Q. I entered into a written home construction contract with a homebuilder before May 1, 2010, and the contract provides for completion of the home before September 1, 2010. Can I take the credit for the construction costs?

    A. Your home construction contract does not qualify as a binding contract to close on the purchase of a principal residence on or before June 30, 2010. Therefore, you do not qualify for the two-month extension of the deadline for completing the purchase in the case of a binding contract. However, if you occupy the home on or before April 30, 2010, and meet the other requirements, you can take the credit. If you do not occupy the home on or before April 30, 2010, you cannot take the credit.

    I hope this helps answer your question. This is an important statement, “Your home construction contract does not qualify as a binding contract to close on the purchase of a principal residence on or before June 30, 2010.”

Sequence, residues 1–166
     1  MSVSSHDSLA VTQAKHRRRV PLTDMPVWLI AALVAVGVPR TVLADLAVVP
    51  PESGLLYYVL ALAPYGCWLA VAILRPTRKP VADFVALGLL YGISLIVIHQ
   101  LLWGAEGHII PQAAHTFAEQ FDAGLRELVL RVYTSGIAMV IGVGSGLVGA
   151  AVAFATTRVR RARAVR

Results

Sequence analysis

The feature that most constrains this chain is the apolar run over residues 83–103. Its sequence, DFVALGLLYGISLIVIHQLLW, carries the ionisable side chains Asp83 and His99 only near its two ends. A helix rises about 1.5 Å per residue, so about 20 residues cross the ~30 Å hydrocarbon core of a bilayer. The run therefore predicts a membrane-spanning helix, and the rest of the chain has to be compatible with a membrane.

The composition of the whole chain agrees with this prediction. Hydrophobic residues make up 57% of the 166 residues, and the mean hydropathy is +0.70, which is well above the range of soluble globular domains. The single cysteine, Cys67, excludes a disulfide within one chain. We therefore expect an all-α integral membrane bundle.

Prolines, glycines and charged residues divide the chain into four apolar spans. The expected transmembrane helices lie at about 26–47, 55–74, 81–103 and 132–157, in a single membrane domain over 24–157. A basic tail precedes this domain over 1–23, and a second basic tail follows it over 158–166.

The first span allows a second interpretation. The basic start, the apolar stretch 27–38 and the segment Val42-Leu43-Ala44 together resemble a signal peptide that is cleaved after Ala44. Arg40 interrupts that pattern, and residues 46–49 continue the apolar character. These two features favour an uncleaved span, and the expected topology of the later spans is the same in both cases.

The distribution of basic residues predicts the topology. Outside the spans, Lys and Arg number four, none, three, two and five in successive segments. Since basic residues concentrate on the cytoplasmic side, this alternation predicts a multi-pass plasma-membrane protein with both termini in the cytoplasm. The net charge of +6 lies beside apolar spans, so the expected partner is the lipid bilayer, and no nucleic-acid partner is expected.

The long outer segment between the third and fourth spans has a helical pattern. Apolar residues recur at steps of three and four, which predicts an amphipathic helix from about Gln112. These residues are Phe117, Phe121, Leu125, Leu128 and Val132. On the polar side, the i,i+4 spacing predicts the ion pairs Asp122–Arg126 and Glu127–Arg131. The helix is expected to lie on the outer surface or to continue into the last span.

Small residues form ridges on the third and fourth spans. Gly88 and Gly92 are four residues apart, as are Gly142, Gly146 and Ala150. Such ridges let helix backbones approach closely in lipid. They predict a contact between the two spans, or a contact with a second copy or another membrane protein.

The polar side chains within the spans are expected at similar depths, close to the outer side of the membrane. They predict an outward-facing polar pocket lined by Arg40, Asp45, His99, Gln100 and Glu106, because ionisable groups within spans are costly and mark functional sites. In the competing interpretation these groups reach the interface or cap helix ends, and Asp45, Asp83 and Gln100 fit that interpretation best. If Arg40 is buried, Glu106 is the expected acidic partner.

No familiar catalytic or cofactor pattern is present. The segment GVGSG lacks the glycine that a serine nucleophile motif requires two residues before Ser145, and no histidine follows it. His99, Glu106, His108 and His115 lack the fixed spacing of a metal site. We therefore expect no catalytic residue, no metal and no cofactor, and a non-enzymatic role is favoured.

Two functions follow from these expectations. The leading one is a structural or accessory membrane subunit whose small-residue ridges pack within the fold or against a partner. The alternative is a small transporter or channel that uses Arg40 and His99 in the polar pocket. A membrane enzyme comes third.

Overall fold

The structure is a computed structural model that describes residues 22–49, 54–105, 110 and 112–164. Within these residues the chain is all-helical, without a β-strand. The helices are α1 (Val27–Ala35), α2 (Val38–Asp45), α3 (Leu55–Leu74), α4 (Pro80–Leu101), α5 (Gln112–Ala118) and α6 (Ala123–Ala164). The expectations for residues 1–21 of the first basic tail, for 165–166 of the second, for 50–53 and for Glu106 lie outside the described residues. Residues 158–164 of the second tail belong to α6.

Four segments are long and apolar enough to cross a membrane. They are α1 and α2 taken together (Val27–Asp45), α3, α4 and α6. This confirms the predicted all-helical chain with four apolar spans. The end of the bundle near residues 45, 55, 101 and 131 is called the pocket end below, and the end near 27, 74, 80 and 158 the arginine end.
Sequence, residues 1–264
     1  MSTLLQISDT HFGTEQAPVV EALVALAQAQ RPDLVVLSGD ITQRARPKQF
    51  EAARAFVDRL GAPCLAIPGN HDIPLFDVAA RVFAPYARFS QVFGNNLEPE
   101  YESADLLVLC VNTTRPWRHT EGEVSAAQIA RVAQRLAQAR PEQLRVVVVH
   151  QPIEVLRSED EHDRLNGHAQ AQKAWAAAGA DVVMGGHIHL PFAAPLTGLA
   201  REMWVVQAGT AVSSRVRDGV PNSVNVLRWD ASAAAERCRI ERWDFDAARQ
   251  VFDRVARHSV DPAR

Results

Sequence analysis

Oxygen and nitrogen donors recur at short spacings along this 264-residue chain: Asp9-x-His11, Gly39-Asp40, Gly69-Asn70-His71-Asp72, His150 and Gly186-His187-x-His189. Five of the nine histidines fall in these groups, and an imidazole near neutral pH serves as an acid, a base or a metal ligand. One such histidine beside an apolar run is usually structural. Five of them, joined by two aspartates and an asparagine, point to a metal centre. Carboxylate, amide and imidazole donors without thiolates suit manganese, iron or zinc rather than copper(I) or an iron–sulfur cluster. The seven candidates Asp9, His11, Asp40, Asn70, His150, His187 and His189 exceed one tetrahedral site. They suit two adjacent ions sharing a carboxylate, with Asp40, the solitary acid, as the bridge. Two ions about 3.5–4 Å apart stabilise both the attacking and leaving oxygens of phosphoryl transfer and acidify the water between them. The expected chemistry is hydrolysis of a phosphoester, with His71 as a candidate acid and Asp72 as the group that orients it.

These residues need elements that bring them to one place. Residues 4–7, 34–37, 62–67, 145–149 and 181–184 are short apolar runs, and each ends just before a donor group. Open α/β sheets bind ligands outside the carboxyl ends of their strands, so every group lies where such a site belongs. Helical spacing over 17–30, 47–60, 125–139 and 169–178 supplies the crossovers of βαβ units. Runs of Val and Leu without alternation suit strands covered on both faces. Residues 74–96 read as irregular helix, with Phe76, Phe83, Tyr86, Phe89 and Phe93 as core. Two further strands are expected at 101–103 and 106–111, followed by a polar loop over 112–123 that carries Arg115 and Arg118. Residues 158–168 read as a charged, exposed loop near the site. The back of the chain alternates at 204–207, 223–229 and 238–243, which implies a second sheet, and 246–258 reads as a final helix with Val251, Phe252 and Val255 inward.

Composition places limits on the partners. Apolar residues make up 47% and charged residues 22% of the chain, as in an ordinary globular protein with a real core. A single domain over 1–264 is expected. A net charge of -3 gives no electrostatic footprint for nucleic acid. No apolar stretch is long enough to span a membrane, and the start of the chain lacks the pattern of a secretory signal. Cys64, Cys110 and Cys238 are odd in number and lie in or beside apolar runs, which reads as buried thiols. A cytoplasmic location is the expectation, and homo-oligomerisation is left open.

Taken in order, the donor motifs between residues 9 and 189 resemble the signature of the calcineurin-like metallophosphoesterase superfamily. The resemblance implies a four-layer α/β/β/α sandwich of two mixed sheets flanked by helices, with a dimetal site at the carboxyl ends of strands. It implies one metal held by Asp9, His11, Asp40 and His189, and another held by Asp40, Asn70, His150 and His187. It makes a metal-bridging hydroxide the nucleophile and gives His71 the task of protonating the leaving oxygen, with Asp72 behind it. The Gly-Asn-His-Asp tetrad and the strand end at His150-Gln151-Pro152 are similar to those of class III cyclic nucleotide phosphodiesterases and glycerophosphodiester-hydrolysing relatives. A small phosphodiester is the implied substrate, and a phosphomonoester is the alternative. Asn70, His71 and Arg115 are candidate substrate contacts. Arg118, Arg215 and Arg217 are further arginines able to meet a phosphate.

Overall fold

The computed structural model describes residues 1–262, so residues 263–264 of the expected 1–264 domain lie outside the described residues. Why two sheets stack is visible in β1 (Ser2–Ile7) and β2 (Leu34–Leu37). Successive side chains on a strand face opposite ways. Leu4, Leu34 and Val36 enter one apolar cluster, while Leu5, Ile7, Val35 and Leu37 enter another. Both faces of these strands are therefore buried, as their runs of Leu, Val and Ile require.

You should call your lender to double check. Thanks for commenting,

  44. lyn squires Says: April 28th, 2010 at 9:45 am

    I am counting on the extension of the now tax credit for first time homebuyers. I waited and waited for a short sale and did not get the home and now I have to start all over. The only way that I am going to be able to purchase a home is if the tax credit is extended.

    Where can I go who can I contact to plea my case.

    We need time at least till the end of 2010 .

    Please let me know who I can write to.

  45. Tim Manni Says: April 28th, 2010 at 9:58 am